A power or voltage sag is a short duration reduction in voltage. Power sags can be caused by abrupt increases in loads such as short circuits or faults, motors starting, electric heaters turning on, or they can be caused by abrupt increases in source impedance, typically caused by a loose connection. A voltage sag occurs when the voltage decreases between 10 and 90 percent of nominal voltage for one-half cycle to as long as one minute.
Power sags can also come from utilizing an incorrect transformer that is not rated for the device that it is powering, or sags may come from using a low-cost transformer that is rated for the required power for that device. Over time, depending on the quality of the transformer, the power supply can "burn in" or decay, and, as a result, the voltage provided can diminish slightly after several years of use and underpower the device. Over an extended period of time, underpowering a device is more detrimental to a device than overpowering it slightly. Depending on the quality of the power supply, this can depreciate the amount of time that your electronic device is going to last. These are typical power supply situations in which sags may occur that you want to be aware of and watch for.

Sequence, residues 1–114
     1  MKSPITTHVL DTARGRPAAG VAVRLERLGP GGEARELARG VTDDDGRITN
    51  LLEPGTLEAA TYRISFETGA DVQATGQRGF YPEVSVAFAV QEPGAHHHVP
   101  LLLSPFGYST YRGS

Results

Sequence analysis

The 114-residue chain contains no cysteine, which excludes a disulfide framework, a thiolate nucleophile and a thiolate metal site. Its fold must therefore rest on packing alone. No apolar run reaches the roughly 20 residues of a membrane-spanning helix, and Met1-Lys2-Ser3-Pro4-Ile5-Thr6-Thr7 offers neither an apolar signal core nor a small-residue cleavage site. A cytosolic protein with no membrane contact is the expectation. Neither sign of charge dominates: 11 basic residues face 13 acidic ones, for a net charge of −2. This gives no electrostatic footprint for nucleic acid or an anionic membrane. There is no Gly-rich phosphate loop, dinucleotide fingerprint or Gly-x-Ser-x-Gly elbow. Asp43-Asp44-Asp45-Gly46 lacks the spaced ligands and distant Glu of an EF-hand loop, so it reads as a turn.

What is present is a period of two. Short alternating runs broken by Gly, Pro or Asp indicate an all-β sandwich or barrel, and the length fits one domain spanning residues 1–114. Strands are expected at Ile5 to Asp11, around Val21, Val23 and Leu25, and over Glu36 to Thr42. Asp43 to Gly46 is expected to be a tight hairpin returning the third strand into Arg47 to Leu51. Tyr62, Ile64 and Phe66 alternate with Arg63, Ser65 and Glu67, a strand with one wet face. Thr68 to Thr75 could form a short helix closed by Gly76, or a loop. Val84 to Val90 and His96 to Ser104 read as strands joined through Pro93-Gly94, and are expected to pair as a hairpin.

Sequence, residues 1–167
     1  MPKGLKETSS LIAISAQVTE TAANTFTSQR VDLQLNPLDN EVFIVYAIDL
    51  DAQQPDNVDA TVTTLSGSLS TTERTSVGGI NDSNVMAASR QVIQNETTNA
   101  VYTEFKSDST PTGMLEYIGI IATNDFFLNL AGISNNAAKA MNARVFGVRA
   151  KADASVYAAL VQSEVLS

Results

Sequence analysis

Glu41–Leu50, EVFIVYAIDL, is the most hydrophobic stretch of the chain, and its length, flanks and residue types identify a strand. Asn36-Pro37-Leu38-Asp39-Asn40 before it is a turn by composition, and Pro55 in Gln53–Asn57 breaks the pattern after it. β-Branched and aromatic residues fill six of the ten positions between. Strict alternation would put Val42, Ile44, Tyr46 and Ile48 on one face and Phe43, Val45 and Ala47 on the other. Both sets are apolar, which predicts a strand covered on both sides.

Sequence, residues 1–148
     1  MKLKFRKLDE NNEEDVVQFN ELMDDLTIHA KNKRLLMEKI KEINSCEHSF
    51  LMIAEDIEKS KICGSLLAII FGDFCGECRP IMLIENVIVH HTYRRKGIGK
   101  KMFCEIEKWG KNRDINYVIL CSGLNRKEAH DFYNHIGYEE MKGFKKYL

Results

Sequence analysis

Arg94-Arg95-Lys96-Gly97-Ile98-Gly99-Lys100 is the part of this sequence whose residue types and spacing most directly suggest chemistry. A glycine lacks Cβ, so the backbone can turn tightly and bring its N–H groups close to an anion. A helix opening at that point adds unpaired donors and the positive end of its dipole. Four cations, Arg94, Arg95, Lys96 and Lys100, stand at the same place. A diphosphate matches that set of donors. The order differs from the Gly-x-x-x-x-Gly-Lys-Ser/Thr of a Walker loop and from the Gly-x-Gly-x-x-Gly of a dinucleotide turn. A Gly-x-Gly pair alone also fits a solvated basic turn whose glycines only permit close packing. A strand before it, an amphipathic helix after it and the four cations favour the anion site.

With regard to access control equipment, when a power sag occurs, it is quite possible that a strike may take longer to release; on a mag lock, it may take longer to lock. A power sag can damage a mag lock or a strike just as easily as it can any other hardware.
Refer also to the following Power Management video for additional overview information about power.